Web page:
Why so much focus on the United Nations institutions?

The UN is the ultimate governing body in the world. Once policies reach that level, they become the standard, get disseminated and trickle down in national and local policies throughout the world.

Wat is the vision of this new network?

A world in which animal sentience is respected; and all animals live a good life, with their well-being protected.

What will be the mission of this new network?

To improve the well-being of all animals and end exploitation and suffering. We do this by building a truly globalised animal protection movement which effectively influences policy and implementation to take into full account the interests of animals.

How will you implement this?
  1. Knowledge sharing and capacity building
  • Collecting, analyzing and disseminating information
  • Action learning, training and workshops
  • Development of / advocacy for resources that lower the barriers to participation in international institutions
  • Analyses and recommendations on priority issues and opportunities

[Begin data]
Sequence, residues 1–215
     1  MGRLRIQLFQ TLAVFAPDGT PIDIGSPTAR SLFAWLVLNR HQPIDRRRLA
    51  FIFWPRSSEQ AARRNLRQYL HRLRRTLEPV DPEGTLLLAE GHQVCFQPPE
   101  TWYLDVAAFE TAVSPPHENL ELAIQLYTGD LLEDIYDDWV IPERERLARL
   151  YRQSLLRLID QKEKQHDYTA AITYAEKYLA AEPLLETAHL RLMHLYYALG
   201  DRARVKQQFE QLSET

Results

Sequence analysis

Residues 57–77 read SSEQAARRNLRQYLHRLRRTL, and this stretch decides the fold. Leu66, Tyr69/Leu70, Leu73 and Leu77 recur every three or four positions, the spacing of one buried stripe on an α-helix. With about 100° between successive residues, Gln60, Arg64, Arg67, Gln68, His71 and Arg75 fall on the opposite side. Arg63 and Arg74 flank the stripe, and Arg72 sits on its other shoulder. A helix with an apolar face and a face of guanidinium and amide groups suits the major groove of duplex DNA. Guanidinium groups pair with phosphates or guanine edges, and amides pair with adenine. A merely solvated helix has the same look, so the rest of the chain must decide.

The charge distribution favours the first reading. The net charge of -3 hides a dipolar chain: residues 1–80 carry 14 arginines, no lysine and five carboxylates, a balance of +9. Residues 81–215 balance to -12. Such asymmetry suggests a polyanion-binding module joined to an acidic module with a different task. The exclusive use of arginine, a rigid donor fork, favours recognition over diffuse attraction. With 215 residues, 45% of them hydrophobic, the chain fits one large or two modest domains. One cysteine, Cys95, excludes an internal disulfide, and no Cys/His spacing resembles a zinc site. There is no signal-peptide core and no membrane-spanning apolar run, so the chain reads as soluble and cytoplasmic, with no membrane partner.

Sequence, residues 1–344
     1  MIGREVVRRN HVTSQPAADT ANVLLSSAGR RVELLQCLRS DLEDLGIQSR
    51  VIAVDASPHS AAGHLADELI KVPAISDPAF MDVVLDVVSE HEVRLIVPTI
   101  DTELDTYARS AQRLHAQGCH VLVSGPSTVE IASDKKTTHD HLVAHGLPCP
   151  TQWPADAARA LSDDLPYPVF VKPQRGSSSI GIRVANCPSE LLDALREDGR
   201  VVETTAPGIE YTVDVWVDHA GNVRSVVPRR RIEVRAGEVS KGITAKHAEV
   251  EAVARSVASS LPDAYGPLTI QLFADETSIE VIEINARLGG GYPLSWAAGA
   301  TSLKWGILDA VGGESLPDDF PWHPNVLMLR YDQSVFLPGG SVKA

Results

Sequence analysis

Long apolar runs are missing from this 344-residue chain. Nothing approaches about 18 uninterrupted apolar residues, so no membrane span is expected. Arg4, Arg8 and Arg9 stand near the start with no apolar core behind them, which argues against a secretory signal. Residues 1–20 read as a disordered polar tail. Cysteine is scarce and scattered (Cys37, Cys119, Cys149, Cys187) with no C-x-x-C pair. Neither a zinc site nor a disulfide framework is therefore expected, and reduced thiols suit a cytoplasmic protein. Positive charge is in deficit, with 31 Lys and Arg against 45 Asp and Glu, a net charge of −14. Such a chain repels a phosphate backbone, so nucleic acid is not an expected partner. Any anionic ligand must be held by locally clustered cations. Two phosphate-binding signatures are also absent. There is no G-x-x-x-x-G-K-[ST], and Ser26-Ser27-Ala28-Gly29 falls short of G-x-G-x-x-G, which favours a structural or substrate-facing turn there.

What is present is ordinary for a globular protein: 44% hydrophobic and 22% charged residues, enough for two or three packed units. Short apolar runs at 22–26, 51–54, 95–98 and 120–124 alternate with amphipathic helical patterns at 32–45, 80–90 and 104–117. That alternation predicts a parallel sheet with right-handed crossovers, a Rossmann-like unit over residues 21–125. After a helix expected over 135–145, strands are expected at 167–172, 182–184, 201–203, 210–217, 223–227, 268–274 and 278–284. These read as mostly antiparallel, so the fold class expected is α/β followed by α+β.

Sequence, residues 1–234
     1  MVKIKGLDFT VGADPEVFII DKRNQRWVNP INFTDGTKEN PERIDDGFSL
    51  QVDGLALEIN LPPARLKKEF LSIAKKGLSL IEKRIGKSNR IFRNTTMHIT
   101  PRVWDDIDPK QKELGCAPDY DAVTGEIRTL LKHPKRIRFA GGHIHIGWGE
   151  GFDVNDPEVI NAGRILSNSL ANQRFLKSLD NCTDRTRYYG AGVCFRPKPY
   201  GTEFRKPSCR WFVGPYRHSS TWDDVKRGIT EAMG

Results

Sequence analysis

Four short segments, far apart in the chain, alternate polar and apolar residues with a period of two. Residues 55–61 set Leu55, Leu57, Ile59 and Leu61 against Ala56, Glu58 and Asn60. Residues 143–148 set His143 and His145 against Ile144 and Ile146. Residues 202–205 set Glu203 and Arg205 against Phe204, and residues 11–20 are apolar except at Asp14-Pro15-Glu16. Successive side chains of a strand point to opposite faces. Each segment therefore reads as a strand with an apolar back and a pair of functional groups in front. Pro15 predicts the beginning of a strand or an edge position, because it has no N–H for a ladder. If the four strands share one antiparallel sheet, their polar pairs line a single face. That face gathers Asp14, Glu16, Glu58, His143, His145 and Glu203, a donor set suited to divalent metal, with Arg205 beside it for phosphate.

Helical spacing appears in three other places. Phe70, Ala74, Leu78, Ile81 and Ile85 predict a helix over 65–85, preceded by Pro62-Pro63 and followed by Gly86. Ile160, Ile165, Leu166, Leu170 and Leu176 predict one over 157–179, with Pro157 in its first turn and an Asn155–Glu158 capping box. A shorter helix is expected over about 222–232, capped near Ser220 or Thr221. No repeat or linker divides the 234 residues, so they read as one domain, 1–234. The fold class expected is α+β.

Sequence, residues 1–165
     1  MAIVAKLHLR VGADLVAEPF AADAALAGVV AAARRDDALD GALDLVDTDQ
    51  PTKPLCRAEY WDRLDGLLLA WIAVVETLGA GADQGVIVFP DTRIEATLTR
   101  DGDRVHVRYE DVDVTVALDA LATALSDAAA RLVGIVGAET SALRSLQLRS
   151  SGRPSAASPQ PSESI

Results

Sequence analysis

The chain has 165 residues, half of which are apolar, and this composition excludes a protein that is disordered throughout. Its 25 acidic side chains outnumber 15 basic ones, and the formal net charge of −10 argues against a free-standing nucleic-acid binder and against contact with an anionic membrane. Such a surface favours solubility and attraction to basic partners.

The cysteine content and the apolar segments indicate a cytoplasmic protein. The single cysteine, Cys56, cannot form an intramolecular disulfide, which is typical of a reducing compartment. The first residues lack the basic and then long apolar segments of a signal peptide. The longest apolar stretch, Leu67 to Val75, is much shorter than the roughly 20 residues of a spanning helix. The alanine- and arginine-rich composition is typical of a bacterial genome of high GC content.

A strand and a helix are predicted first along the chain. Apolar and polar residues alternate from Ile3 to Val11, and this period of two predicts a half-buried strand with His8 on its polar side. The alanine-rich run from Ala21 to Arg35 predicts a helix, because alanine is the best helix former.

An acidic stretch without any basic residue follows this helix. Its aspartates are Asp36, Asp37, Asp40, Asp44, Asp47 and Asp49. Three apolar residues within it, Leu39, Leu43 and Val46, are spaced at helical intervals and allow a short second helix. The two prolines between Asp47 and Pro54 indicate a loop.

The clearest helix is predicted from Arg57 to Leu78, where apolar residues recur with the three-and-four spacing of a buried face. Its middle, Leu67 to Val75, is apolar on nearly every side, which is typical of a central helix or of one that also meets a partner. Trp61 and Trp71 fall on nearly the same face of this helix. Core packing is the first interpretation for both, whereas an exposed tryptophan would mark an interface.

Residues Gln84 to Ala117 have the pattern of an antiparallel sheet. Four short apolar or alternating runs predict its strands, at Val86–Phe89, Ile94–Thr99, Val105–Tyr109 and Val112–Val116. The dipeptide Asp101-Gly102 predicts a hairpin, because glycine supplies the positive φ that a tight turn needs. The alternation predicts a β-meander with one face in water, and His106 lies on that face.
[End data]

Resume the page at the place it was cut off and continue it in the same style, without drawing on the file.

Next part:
1. Coordinated advocacy agenda
  • Providing a platform, secretariat and resources to incubate new coalitions/alliances to ensure effective coverage of relevant policy streams,
  • Stimulating the development and strengthening of regional coordination mechanisms and coalitions/alliances, using Eurogroup for Animals as a template
  • Providing a point of coordination among existing and developing issue-specialized and regionally-specialized coalitions (such as the International Coalition for Animal Welfare, Species Survival Network, etc.).
  1. Policy advocacy
  • Representing the shared interests of the global animal protection movement at an international level.
  • Supporting and informing advocacy at regional and national levels
  • Campaigning on broad issues such as World Animal Day and UN Conventions
Are there not similar initiatives/organisations?

There are organisations that work internationally, regional organisations and ad hoc coalitions with a narrow focus, but there is not enough coordination and there is no longer an organisation that represents the movement as a whole.

Who else is representing animal protection in the world?

A number of organizations are active globally in their own way, such as: RSPCA, Humane Society International, ProVeg, Brighter Green, World Animal Protection, IFAW, Animals Australia, CiWF, Animal Welfare Institute, Vier Pfoten and World Animal Net.

Is it not very difficult to unite a movement that is so diverse and with so many different viewpoints?